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Knowles chief of staff leaving state government

Posted: Tuesday, December 04, 2001

JUNEAU (AP) -- Gov. Tony Knowles' longtime chief of staff Jim Ayers is leaving state government to head a regional office for a new environmental group.

Ayers will resign effective Jan. 4 to become the North Pacific regional director for Oceana, a non-profit ocean conservation group based in Washington, D.C. Ayers will remain in Juneau to coordinate the group's efforts in Alaska, Washington state and Oregon.

Ayers has served as the Democrat governor's chief of staff since December 1994. He leaves as Knowles enters the last year of his second term. State law bars Knowles from seeking a third term.

''For seven years, the longest tenure of any chief of staff that I'm aware of, Jim Ayers has been at the forefront of every major issue that we have tackled,'' Knowles said.

Oceana's President Steve Roady said Ayers will play a key role in the group's advocacy of ocean conservation. The international organization also plans to open regional branches in Europe and South America.

''Alaska plays a vital role in ocean conservation ... We are delighted and honored to have Jim join us as our first regional director,'' Roady said.

Knowles called his chief of staff a ''good friend and an effective coach'' within the administration.

While serving as chief of staff, Ayers said he was proud of what the administration has accomplished in regard to children's issues such as Denali KidCare and Smart Start.

He cited the administration's push to get the federal government to lift a ban on oil importation and safety and environmental improvements within the Alyeska Pipeline Service Co.

''We have made tremendous progress toward protecting kids, improving our schools, strengthening the economy and preserving and protecting Alaska's waters and habitat,'' Ayers said.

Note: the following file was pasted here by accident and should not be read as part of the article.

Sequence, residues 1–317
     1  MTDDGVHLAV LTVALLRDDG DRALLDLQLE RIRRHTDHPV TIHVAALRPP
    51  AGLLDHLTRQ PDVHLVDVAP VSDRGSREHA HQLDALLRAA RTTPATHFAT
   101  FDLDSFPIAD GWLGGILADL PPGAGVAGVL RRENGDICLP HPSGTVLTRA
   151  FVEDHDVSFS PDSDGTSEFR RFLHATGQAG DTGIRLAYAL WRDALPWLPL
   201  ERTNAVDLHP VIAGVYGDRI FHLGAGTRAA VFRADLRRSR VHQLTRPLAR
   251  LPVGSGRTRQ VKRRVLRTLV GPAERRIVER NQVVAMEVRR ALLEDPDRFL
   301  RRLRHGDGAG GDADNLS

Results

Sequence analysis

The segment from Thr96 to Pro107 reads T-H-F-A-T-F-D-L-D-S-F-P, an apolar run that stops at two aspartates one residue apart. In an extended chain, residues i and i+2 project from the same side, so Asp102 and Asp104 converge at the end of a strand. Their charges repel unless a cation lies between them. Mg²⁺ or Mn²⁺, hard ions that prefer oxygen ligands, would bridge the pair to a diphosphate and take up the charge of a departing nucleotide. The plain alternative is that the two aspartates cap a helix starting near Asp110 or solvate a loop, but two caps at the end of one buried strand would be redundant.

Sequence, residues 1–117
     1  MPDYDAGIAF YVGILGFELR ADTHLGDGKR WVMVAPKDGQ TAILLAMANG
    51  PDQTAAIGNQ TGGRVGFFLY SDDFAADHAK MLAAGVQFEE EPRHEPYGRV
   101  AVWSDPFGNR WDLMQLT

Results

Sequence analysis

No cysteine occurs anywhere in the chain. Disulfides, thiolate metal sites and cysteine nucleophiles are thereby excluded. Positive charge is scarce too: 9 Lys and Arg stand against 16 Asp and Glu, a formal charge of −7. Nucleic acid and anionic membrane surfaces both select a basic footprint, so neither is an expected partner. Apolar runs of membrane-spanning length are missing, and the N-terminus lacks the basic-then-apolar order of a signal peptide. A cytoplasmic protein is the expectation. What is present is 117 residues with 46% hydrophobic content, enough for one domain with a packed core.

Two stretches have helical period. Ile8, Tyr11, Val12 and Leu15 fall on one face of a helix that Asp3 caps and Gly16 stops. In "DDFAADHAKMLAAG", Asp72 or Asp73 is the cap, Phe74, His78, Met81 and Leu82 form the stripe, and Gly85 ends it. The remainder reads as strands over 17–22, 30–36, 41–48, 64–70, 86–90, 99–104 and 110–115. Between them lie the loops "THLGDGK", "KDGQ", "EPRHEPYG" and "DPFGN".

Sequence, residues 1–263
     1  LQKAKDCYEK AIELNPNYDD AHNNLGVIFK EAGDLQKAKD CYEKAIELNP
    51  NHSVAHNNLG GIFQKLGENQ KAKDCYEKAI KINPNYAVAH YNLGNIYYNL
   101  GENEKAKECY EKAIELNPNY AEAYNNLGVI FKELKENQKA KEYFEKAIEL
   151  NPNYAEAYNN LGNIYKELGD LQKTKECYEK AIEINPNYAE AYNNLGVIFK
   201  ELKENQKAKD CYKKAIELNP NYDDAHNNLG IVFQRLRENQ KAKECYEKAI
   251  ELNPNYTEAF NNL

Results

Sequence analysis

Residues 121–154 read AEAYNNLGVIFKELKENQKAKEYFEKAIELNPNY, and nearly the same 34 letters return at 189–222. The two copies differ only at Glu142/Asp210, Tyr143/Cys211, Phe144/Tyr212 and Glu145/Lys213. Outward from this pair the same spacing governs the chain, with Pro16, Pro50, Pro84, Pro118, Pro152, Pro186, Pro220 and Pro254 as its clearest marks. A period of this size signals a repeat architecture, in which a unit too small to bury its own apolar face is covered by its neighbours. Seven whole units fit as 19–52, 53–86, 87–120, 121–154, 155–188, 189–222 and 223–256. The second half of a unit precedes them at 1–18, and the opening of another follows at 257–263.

''It's been a battle and seven years is a long time,'' Ayers said.

One major issue left undone is resolving the state's subsistence dilemma

The equal access provision of Alaska's constitution conflicts with federal laws guaranteeing rural residents first priority to fish and game. As a result, federal managers oversee subsistence in two-thirds of the state's land and waters.

Knowles has made regaining state control his top priority and is pushing for a constitutional amendment to grant a rural priority.

A subsistence panel recently drafted a constitutional amendment that is expected to be proposed when the Legislature returns in January.

Knowles last attempt to pass an amendment in 1999 failed when eight Republican senators staunchly opposed to repealing equal access provisions of the constitution voted against the measure.

Ayers said that has been a source of frustration, but said ''we've built the house for subsistence. I don't feel like I'm leaving anything undone.''

Ayers said he has no plans to return to politics. Knowles plans to name a successor before Ayers leaves, said Knowles spokesman Bob King.

Two possible candidates are Deputy Chief of Staff David Ramseur and Budget Director Annalee McConnell, King said.



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